Here’s a quick list: Low testosterone, the male sex hormone, obesity, diet, excessive heat like hot tubs or saunas, hypertension/high blood pressure, diabetes, cardiovascular disease, stress, depression, anxiety, anger, disappointment, bad or declining relationships, prescription or illicit drugs and alcohol, just to mention a few. Any or all of these factors can make it difficult for a man to get and/or ma99intain an erection strong enough for penetration. When a man experiences erectile dysfunction (ED), then he can quickly lose his desire for sex. Waning libido and ED are very closely related although both can have different origins.
Is it possible for a man get an erection and still not desire sex?
Yes! However, it is not a good situation to have one without the other. If waning libido and/or ED occur, then a man can want to avoid having sex. So, ladies, a man’s lack of desire to have sex with you isn’t always from him cheating with another woman. These issues are typically very embarrassing to a man and he will probably avoid talking about it.
Okay, Brent. Let’s cut to the chase. What can a reader do to help improve her man’s waning sex drive and/or erectile dysfunction?
Here is a list of things that could help since no one can stop the aging process: Testosterone therapy; herbal aphrodisiacs; prescription drugs like Viagra, Cialis, and Levitra; a low fat diet, especially avoiding fried foods; exercise/weight loss; Kegels; plenty of rest especially during refractory periods. Refractory periods are(the time it takes a man to get a second erection. She can also try foreplay, foreplay, foreplay; relaxation while building anticipation; penis pumps and penis rings; confidence and self-esteem building; visual stimuli like sexy lingerie, role playing and fantasy reenacting, watching adult movies together, and exploring a fetish or two.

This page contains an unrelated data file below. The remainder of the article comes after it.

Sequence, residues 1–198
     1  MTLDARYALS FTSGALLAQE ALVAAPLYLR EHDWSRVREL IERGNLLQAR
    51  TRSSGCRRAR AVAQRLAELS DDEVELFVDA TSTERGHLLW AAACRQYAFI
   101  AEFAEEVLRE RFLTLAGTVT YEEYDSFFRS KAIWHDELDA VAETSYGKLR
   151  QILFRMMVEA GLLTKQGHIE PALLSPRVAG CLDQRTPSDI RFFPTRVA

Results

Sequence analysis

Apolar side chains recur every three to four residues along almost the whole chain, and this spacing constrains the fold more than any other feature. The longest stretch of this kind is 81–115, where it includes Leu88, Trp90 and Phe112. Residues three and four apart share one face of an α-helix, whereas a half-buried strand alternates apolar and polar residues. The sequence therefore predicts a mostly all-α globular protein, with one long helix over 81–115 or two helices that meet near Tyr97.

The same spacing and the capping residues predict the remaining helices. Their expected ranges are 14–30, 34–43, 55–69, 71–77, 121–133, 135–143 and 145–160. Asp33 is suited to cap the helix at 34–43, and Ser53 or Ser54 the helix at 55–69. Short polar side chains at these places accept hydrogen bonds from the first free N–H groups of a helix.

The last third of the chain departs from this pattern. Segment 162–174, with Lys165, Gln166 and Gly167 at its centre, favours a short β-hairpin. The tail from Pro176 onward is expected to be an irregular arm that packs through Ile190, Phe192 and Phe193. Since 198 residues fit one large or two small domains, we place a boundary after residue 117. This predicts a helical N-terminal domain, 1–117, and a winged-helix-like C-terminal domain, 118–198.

Thank you for the comprehensive breakdown. I know that will be helpful to many.
Just remember ladies, if he loses his erection, don’t stress him out more by asking him, “What happened? Is there a problem? Don’t you want me?” Just work with a brother! Get him to relax. You become the initiator and take charge! In time, he will get it back. Just be patient. This can happen several times in a 45 minute period. Take the pressure off of him to “perform”. Lighten the mood to relieve tension with laughter or some silliness. Reassure him that he is in good hands - pun intended.
Well said. Thank you so much Brent for helping to shed light and remove taboos. Any closing advice for our readers?
Tell him what you want to do to him. Ask him what he wants you to do. If it is within your comfort levels, then give it to him. Finally, you should always have him see a medical doctor to rule out or identify any physical issues such as low testosterone levels, diabetes, hypertension/high blood pressure, etc. If there are no physical issues, then seek help from a sex therapist or marriage counselor to identify any psychological or social problems. Just remember, waning libido and ED will happen to most if not all men as they age. Be his support in these times and he will love you even more.
Great news, ladies. Brent promises to continue to answer your questions in the comments below.
Abiola Abrams is the author of the award-winning Sacred Bombshell Handbook of Self-Love, Manifest Your Miracles meditation album and African Goddess Affirmation Cards. The popular lifestyle guru is also the founder of the Sacred Bombshell Self-Care Kits, blog, web TV show, and online academy at SacredBombshell.com. Follow her on Twitter to continue the discussion about this week's hot topic, and then email her your burning questions now. Anything you send will be posted anonymously, promise.